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From "Hope, Matthew" <Matthew.H...@capitalone.com>
Subject RE: [collections] Questions....
Date Wed, 20 Aug 2003 09:02:22 GMT


> -----Original Message-----
> From: Takuya Murata [mailto:takusi@manjiro.net] 
> Sent: 20 August 2003 04:29
> To: Jakarta Commons Developers List
> Subject: Re: [collections] Questions....
> 
> 
> Hi,
> 
> So the question is do we really need SingletonIterator and 
> such. If we 
> want to eliminate the number of methods or classes, then what 
> about one 
> class for all of collections or iterators? I suppose the use of 
> singleton methods and classes is almost always to provide an object 
> matching a data type you want. Thus, we can have a class like
> 
> class Singleton implements List, SortedSet, Bag, Iterator, 
> ListIterator 
> {
> }

this sounds hugely dangerous - the javadocs for List#equals(Object) for
example stipulate:
Compares the specified object with this list for equality. Returns true if
and only if the specified object is also a list, both lists have the same
size, and all corresponding pairs of elements in the two lists are equal.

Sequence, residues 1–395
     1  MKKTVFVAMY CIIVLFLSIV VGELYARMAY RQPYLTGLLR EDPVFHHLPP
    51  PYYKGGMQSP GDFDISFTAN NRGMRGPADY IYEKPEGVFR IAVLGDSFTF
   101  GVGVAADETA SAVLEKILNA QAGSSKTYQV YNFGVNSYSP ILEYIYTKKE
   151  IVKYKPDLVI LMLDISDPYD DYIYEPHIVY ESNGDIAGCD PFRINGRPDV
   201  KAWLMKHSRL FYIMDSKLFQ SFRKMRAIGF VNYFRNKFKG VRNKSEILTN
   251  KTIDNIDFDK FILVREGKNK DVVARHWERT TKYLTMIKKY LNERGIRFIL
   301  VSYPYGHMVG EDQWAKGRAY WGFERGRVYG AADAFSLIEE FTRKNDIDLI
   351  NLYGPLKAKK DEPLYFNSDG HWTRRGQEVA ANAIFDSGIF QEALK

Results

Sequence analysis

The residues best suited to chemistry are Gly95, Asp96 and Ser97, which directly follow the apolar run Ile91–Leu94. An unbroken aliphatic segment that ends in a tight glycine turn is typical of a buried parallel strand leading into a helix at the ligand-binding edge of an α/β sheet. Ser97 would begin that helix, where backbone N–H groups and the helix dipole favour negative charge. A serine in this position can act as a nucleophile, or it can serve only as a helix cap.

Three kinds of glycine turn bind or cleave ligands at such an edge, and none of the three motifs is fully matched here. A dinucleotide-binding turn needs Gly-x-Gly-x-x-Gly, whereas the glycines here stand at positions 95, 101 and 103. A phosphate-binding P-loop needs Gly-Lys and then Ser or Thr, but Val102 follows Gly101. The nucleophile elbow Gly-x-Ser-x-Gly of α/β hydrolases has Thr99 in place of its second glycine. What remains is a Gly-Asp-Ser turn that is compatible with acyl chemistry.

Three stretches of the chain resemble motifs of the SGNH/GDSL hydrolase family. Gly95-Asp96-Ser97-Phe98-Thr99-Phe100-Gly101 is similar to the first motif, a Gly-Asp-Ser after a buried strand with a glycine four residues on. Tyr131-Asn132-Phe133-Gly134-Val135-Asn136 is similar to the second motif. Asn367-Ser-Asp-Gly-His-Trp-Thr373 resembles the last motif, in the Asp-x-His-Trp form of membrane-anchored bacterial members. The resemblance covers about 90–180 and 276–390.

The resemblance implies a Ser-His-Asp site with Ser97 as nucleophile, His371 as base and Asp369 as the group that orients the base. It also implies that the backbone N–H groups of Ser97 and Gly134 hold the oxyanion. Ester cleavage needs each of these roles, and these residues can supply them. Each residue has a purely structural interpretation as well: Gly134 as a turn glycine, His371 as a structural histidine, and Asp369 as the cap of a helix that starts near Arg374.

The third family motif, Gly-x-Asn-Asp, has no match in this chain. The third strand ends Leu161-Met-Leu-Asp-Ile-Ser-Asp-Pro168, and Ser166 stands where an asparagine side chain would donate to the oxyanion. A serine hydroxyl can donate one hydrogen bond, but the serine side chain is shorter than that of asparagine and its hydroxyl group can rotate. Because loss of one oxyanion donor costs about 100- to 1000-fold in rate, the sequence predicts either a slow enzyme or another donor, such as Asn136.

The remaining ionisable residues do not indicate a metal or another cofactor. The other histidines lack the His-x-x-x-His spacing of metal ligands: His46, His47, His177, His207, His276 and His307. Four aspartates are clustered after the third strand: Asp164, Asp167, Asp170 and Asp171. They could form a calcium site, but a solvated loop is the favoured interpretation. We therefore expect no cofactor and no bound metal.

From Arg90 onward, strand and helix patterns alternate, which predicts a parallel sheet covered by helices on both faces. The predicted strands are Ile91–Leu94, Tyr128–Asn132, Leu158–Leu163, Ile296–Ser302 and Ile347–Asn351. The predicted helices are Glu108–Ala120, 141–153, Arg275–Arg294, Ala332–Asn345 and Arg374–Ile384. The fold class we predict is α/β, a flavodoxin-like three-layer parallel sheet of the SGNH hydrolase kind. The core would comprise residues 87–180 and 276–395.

(Two elements e1 and e2 are equal if (e1==null ? e2==null : e1.equals(e2)).)
In other words, two lists are defined to be equal if they contain the same
elements in the same order. This definition ensures that the equals method
works properly across different implementations of the List interface.

whereas Set#equals(Object) state:
Compares the specified object with this set for equality. Returns true if
the specified object is also a set, the two sets have the same size, and
every member of the specified set is contained in this set (or equivalently,
every member of this set is contained in the specified set). This definition
ensures that the equals method works properly across different
implementations of the set interface.

This is only one of many conflicts.

Just implementing the method signatures of such classes without implementing
their 'contracts' (even if the contract is only the official line on what
they should and shouldn't do) is a recipe for confusion and bugs...

Matt
 
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